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Small Proteins Secreted by Poplar Roots Form Communication Route with Associated Fungal Communities
Published: March 23, 2017
Posted: May 10, 2017

The Populus-Laccaria association established in vitro. Photo credits: Anne Jambois, INRA.

The Science  
Small proteins that are secreted from the plant roots were found to act as communication signals between the plant and associated beneficial fungus. These molecular cues have the potential to alter development of both beneficial and pathogenic fungi.

The Impact
This work elucidates the complex communications that occur between mutualistic plant-microbe interactions and the influence of such associations on both partners, opening new avenues for development of high-yielding, sustainable bioenergy field crops.

Microbial communities surrounding plant roots can form symbiotic associations with the plant, an interaction that requires complex communications between both organisms. Mutualistic associations offer several benefits to the plant such as enhanced growth and tolerance to drought. Mutualistic fungi have evolved elaborate protein-based signals (effectors) that communicate their metabolic requirements to their plant hosts; in turn, root exudates contain small secreted proteins (SSPs) that influence mutualism with the microbes and could function as effector proteins during symbiotic interactions. While many new SSPs have been discovered through annotation of plant genome sequences, their roles as secreted effector proteins during mutualistic symbiosis was uncertain. Researchers at the Oak Ridge National Laboratory, supported by the DOE BER Plant-Microbe Interfaces Scientific Focus Area, used computational prediction and experimentation to identify SSPs in the bioenergy tree Populus trichocarpa and elucidate their effect during mutualistic symbiosis with the ectomycorrhizal fungus, Laccaria bicolor. Of the 2,819 Populus protein-encoding genes that were identified as differentially expressed across all stages of mycorrhizal root tip development during symbiosis between P. trichocarpa and L. bicolor, 417 were predicted to be SSPs (=250 aa in length). Experimentation verified that a subset of these SSPs were able to enter and accumulate in L. bicolor, then alter the development of multiple ectomycorrhizal and pathogenic fungi. This study demonstrates that SSPs in Populus can function as effector proteins during symbiotic interactions, highlighting a novel avenue by which plants communicate with and possibly influence their mutualistic microbial partners.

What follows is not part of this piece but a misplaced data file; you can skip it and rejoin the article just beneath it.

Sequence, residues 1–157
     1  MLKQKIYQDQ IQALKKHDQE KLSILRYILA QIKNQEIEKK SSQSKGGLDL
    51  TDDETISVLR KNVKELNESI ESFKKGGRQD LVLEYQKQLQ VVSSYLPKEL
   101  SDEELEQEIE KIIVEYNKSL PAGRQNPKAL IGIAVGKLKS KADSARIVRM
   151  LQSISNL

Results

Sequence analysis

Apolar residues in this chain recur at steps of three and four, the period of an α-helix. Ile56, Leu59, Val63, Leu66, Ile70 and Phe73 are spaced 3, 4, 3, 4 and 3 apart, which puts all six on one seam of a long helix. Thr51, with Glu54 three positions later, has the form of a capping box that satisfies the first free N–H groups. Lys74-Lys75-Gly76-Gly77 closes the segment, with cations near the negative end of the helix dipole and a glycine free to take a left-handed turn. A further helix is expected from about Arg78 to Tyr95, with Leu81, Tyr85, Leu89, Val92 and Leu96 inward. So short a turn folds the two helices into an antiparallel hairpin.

Contacts (BER PM)
Cathy Ronning 
SC 23.2

(PI Contact)
Xiaohan Yang
Biosciences Division, Oak Ridge National Laboratory, Oak Ridge, TN

Genomic Science Program, US Department of Energy, Office of Science, Biological and Environmental Research, as part of the Plant-Microbe Interfaces Scientific Focus Area (http://pmi.

J.M. Plett, H. Yin, R. Mewalal, R. Hu, T. Li, P. Ranjan, S. Jawdy, H.C. DePaoli, G. Butler, T.M. Burch-Smith, H-B Guo, C.J. Chen, A Kohler, I.C. Anderson, J.L. Labbé, F. Martin, G.A. Tuskan, and X. Yang, “Populus trichocarpa encodes small, effector-like secreted proteins that are highly induced during mutualistic symbiosis.” Scientific Reports 7:382 (2017). [DOI:10.1038/s41598-017-00400-8]. (Reference link)

Topic Areas:

  • Research Area: Microbes and Communities
  • Research Area: Plant Systems and Feedstocks

Division: SC-23.2 Biological Systems Science Division, BER


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